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Article

The 1969 Amendment and the (De)criminalization of Homosexuality

From the earliest days of colonization to 1969, sodomy laws made sex between men illegal in Canada. In addition, a law enacted in 1892 made “gross indecency” between men illegal. This included anything that indicated same-sex attraction, including simple touching, dancing and kissing. The law was extended to women in 1953. In 1969, however, sodomy and gross indecency laws were changed, making such acts legal under some circumstances. The parties involved had to be 21 years of age or older and conduct their affairs in private. Sodomy and gross indecency remained illegal outside of the home or if three or more individuals were involved or present. Thus, Canada’s Criminal Code continued to equate homosexuality with criminal behaviour under many circumstances.

Article

Elites

As used every day, elite is an adjective referring to the upper echelon of any activity - eg, elite athletes or elite soldiers. Used more analytically as a noun, elites are those who hold the uppermost decision-making positions in important activities organized in a definite hierarchy.

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AIDS

Illnesses that this infection can produce include a transient disease, developing within several months of exposure. It is characterized by rash, fever, malaise, joint pains and lymphadenopathy (swollen lymph nodes).

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Calvinism

A Protestant Christian theological system constructed by religious reformer John Calvin (Jean Cauvin, 1509-64) and made more stringent and narrower in focus by his successors. It is considered to have been widely influential in Canadian life.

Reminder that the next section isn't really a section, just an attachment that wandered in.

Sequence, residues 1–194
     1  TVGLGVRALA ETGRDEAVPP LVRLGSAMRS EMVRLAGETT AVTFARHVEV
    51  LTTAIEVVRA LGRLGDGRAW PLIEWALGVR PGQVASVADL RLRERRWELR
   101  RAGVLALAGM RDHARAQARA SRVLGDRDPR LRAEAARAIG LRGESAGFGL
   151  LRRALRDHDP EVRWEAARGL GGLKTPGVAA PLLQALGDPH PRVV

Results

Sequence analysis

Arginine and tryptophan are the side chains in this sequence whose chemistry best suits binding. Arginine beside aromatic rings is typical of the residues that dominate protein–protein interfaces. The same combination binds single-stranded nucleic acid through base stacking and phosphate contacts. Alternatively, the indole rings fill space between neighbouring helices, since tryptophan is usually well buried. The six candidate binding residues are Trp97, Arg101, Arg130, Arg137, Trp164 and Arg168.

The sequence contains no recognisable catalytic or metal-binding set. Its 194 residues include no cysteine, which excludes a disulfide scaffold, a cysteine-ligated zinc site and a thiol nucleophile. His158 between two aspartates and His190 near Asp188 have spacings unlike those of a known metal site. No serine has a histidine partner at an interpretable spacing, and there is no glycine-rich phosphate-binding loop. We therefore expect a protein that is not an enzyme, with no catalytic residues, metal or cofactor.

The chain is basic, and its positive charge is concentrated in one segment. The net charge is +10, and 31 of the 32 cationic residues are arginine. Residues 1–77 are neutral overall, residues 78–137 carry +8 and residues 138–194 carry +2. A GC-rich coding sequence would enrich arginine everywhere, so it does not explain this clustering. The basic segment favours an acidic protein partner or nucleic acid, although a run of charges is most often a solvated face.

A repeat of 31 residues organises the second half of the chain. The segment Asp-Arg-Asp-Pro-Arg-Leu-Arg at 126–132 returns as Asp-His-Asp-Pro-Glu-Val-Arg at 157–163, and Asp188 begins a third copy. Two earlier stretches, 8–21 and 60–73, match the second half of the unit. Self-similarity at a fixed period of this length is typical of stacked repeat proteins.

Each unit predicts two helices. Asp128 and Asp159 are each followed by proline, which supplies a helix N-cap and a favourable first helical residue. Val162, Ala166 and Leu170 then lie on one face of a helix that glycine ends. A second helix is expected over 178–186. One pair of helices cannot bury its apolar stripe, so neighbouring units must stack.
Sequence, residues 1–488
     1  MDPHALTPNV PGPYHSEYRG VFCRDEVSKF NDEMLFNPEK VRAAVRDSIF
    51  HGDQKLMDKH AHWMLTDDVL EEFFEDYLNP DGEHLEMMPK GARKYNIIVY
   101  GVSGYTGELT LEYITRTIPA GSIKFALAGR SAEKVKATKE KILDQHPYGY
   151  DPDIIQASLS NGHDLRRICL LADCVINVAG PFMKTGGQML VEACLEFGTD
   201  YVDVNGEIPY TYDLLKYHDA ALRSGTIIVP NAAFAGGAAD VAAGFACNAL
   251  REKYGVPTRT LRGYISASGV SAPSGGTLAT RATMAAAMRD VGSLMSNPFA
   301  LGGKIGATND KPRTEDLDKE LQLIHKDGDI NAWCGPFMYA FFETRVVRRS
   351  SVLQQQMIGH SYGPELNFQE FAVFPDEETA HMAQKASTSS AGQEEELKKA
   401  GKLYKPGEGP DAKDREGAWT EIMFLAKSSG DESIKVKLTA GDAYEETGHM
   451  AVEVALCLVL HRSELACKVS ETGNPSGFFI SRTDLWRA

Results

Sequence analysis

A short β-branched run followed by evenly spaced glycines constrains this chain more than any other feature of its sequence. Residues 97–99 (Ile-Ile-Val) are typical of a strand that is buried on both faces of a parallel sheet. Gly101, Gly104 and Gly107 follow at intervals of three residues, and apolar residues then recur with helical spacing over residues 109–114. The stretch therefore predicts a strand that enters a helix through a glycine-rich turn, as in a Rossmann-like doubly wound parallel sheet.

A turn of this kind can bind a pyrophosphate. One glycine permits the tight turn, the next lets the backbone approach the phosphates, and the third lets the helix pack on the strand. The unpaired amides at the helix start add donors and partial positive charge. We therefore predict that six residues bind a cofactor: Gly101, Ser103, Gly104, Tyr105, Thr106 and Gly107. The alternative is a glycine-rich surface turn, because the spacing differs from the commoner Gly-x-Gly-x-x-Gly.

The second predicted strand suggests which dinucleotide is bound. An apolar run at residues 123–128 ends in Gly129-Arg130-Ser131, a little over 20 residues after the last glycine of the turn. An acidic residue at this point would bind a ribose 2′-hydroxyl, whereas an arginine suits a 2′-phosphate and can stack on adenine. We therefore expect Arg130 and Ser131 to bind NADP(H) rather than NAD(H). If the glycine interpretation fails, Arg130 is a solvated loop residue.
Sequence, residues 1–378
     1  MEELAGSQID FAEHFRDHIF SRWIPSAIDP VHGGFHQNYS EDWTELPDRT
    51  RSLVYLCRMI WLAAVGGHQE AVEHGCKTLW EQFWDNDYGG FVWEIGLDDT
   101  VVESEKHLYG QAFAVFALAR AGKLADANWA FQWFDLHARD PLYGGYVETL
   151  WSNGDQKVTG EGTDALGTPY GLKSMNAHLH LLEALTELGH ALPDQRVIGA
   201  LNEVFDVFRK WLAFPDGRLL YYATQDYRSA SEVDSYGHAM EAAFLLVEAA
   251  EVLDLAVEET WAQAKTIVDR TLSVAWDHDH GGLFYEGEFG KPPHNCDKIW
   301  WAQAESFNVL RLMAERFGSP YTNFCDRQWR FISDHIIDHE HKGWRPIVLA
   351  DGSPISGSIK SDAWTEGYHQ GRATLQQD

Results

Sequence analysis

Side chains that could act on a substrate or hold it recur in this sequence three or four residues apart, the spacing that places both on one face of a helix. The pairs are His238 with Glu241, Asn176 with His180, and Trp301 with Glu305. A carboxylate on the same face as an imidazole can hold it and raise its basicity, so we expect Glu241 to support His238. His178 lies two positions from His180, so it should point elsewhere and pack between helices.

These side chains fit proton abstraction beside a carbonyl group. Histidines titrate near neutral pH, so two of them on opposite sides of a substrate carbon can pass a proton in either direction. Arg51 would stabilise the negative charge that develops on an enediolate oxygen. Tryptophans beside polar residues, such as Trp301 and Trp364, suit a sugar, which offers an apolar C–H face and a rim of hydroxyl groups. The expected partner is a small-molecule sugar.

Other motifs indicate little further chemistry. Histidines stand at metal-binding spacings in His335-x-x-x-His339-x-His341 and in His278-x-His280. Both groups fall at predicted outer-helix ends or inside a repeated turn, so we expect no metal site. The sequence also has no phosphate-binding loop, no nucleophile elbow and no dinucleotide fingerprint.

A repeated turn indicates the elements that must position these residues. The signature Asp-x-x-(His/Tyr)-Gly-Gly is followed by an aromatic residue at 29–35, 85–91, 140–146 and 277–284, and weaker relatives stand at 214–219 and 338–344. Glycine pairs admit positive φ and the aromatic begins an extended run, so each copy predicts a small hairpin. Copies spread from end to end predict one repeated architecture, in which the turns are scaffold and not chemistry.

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Corporatism

Corporatism was originally a 19th-century doctrine which arose in reaction to the competition and class conflict of capitalist society.

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Drumheller Strike

The Drumheller Strike of 1925 1925, ushered in a period of rival or "dual" unionism in Alberta's coalfields. The Drumheller miners, rejecting wage cuts negotiated by the United Mine Workers, struck in June 1925.

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Synagogues

According to Jewish law, a synagogue is defined as any place where 10 men can gather for worship and study. Tradition holds that the synagogue was established to provide an alternative for those who were unable to travel to the temple in Jerusalem.

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Industrial Relations

The phrase "industrial relations" became widely used during WWII, for two main reasons: the major growth of the numerous war-time industries and, even more, the adoption of PC 1003 by the federal Cabinet on 17 February 1944.

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Charities

There are more than 75 000 charities in Canada. They range in size from low-budget, neighbourhood-centred Meals on Wheels services to national healthcare and educational institutions with budgets of almost $1 billion. The majority of registered charities, some 40%, are places of worship.

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Industrial Unionism

The first significant attempt to organize on an industrial basis was undertaken in the 1880s by the KNIGHTS OF LABOR, which advocated unity of the producing classes and opposed employer blacklists and discrimination.

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Hunters' Lodges

Based on the Lower Canadian Frères Chasseurs, Hunters’ Lodges were American secret societies that aimed to liberate the Canadian colonies from the tyranny of British thralldom. With estimates ranging from 15,000 to 200,000 members, lodges counted on much support from borderlanders, from Maine to Wisconsin, who were disillusioned and frustrated with the social, economic and political changes that shook 1830s America. Though they failed to liberate Canada, losing key military encounters near Prescott and Windsor in November and December 1838, their importance was significant enough that they had forced the American president, Martin Van Buren, to send a military force to the American-Canadian border to ensure that the neutrality between the United States and Britain was strictly followed. For months, Hunter activities dominated American foreign and internal policy.